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Canadian film and TV awards combined into one show

The Genies and the Geminis — Canada’s answer to the Oscars and the Emmys, respectively — will now be combined into one large award show event. But will it be as successful an enterprise as the Academy of Canadian Cinema and Television hopes?

Martin Katz

Lovers of Canadian TV and film, listen up: The Genie Awards and the Gemini Awards, which celebrate great achievement in Canadian movies and television shows, respectively, will no longer be separate entities. On May 1, it was announced that the two awards shows will now be combined, reconfiguring Canada’s answer to the Academy Awards and Emmys into its own version of the Golden Globes.

The buzz around this decision has been largely positive. Martin Katz, chairman of the Academy of Canadian Cinema and Television, hopes the show will have a greater impact than the Genies and the Geminis had separately, shining a bigger light on everything all at once. Instead of two hour-long televised broadcasts that would occur in the middle of the week, the plan for the revamped awards show is one two-hour-long broadcast during prime time on a Sunday — exactly the spot inhabited by America’s widely viewed major awards shows. The academy’s main goal is to increase viewership; at only 430,000 viewers for the most recent Geminis and 378,000 for the Genies, we don’t blame them.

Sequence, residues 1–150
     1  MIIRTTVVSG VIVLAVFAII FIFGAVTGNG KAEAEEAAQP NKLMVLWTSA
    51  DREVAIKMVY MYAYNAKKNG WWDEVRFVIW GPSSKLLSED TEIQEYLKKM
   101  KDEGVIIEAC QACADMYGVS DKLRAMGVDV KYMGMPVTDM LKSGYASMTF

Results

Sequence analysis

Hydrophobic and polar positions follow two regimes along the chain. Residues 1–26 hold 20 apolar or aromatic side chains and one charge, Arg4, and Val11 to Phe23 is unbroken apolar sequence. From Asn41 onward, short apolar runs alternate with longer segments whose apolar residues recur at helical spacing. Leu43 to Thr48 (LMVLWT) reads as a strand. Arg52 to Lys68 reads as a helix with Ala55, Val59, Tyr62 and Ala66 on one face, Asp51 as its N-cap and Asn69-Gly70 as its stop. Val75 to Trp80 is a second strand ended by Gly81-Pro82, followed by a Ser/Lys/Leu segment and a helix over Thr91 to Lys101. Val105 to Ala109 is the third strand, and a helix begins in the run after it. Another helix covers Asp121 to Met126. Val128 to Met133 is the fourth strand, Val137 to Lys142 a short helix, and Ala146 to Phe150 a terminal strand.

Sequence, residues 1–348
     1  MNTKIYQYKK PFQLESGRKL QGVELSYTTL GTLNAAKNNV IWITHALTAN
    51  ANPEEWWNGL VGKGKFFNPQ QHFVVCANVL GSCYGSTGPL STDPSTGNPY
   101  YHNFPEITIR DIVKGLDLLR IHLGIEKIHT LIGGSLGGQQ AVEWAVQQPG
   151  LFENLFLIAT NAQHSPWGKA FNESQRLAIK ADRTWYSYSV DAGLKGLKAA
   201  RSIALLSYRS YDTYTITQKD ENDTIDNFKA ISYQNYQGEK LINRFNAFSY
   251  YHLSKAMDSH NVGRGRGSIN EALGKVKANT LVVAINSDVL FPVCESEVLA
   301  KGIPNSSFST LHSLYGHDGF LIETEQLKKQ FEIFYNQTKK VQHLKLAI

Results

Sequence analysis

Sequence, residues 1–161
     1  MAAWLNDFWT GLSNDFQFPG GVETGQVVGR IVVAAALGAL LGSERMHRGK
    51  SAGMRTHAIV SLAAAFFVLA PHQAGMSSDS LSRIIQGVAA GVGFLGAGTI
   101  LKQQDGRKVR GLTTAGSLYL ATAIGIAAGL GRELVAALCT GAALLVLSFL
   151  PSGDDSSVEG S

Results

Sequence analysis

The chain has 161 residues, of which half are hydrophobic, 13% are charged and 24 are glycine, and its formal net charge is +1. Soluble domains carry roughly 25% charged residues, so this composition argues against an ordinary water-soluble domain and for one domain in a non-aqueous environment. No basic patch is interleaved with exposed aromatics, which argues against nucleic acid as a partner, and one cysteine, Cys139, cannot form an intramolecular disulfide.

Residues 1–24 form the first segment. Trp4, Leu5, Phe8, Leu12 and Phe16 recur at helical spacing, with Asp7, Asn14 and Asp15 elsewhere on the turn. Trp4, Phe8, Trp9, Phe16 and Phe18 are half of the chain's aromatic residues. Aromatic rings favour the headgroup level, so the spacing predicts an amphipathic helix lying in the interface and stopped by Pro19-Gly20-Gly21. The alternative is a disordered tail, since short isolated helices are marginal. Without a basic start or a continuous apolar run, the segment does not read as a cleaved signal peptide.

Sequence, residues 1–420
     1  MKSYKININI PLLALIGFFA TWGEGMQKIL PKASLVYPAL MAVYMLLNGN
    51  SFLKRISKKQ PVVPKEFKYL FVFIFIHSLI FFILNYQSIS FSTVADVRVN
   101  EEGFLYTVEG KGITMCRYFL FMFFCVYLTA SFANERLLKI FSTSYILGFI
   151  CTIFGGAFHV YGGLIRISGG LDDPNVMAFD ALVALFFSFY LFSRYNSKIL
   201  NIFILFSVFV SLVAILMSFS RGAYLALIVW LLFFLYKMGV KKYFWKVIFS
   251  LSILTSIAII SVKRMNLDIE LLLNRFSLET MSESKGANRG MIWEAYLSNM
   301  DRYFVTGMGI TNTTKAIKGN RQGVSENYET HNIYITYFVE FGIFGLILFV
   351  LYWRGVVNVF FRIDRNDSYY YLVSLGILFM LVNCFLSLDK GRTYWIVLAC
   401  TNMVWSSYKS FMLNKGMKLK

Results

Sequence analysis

But is this going to reap the rewards they want it to? We Canadians have a notoriously hard time caring about homegrown artists without validation from the States: No one knew who Carly Rae Jepsen was until Justin Bieber took her under his internationally famous wing and brought her to stardom, despite the fact that she’d been a working musician in Canada for years prior. And we challenge anyone to name five Canadian homegrown films that weren’t released and given attention south of the border. For many of us, if it doesn’t have America’s seal of approval, it’s simply no good.

Canadian film and television artists work just as hard as the biggest American stars do to create the best possible product — harder, perhaps, since Canada’s resources are far inferior to those of America’s and greater resourcefulness is necessary. We therefore completely support and admire the academy’s desire to grant them the greatest celebration possible. But the sad truth is that they may just be a tad too optimistic about what this new venture will mean. Yes, it stands to reason that one larger televised awards show that gives viewers everything they want in one shot will draw a bigger crowd than the Geminis and Genies do separately. However, aside from those who already watch the Canadian awards shows, who else is likely to tune in? Amalgamating the two won’t change many Canadians’ indifference toward the movies and television shows being recognized.

In our hearts, we hope this does work. What we don’t want is for the awards to not be televised at all; not broadcasting a show that celebrates achievements in the arts of film and TV is a far crueller irony than we’re willing to deal with. It’s up to Canadians to start giving a damn and get excited about the work being done here. Because, ladies, it’s some fine work. So let’s give the Genie-nis (as we will refer to the yet-to-be-named new awards show) a fighting chance. And if it doesn’t work out, we just hope they don’t toss the Junos into the awards show salad.

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